Brexit chief negotiators Michel Barnier and David Frost didn’t shake hands at the end of the first round of talks on a post-Brexit relationship — but it was because of coronavirus, not because the negotiations went badly.
After years of speculation on what a post-Brexit relationship between the United Kingdom and the European Union could look like, this week more than 200 people from both sides got together to begin work in earnest.
Here are five takeaways from the first round of negotiations.
1. They got off to a good start
Never mind the handshakes, it didn’t stop the two sides getting to know each other and their positions. Both teams applauded the competence and professionalism of those on the other side of the table. “We understand each other’s positions. That hasn’t always been the case in the past,” one negotiator said.
The U.K. promised to live up to its promises on Northern Ireland — a crucial demand from the EU side. British media had reported that the Brexit team had been ordered to come up with plans to “get around” the Northern Ireland protocol in the Withdrawal Agreement, which foresees checks on goods passing from Great Britain to Northern Ireland to avoid a hard border between the latter and the Republic of Ireland.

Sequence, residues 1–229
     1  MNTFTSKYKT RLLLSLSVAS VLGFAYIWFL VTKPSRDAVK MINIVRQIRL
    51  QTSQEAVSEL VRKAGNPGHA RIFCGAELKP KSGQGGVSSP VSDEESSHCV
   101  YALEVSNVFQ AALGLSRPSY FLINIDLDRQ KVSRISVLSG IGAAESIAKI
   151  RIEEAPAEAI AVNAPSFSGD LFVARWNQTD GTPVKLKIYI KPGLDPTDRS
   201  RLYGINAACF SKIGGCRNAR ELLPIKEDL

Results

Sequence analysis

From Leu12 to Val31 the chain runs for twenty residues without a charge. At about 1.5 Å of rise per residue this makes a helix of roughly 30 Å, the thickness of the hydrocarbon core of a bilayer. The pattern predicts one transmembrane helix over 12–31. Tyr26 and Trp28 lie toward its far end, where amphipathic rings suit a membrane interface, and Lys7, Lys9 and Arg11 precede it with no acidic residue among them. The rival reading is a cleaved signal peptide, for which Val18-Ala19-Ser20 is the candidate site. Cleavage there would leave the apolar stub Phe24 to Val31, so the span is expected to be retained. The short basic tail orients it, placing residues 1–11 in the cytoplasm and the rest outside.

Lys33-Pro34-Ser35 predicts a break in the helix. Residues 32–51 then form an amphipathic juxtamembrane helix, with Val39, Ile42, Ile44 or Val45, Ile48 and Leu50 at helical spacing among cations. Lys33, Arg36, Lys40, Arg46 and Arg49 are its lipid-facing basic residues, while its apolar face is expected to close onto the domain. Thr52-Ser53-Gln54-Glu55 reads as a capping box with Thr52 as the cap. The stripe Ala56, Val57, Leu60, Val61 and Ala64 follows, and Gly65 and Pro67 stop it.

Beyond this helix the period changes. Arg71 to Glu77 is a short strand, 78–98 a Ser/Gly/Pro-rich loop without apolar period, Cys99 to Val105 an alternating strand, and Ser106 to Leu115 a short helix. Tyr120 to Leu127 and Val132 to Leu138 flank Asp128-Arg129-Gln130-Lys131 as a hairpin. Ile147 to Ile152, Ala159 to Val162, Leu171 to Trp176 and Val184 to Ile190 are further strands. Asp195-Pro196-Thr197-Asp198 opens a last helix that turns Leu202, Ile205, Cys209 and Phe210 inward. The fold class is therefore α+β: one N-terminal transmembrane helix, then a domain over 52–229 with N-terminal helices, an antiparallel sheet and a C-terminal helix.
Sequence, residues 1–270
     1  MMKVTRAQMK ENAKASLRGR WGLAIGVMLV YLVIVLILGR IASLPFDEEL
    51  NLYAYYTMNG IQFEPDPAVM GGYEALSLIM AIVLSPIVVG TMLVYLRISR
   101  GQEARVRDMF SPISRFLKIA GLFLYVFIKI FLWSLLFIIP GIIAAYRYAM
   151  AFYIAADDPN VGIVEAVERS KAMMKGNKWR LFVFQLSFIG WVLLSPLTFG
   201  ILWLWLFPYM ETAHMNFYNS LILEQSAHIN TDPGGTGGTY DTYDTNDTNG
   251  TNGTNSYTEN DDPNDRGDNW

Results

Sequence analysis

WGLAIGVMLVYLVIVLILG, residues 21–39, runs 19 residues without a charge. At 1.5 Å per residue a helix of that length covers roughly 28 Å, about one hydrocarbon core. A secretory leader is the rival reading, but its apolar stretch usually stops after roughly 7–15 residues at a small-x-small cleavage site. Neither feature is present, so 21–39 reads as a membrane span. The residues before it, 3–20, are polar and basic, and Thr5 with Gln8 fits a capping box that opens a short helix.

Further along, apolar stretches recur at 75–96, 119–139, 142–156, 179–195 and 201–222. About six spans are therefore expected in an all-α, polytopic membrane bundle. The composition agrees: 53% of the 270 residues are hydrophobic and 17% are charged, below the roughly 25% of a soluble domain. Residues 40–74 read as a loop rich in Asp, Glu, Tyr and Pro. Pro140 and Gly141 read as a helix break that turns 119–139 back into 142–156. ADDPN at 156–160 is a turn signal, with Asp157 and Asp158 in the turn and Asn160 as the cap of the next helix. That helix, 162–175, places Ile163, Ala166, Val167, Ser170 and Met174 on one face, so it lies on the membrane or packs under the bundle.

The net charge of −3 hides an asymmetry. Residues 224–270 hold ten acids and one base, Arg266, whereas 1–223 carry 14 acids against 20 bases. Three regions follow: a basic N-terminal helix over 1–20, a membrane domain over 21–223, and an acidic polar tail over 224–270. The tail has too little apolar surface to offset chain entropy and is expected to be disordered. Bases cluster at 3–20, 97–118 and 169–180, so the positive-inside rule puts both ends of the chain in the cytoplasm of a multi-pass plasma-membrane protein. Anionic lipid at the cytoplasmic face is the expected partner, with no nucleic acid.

Barnier got reassurances from the U.K. that it will keep this promise. “It was a question of trust that we needed at this point to start building our future relationship,” Barnier told reporters on Thursday.
From the EU side, Barnier made clear that nobody disputes the U.K.’s independence. The former French minister stressed that this mutual respect and not going back on earlier commitments are two possible keys to success.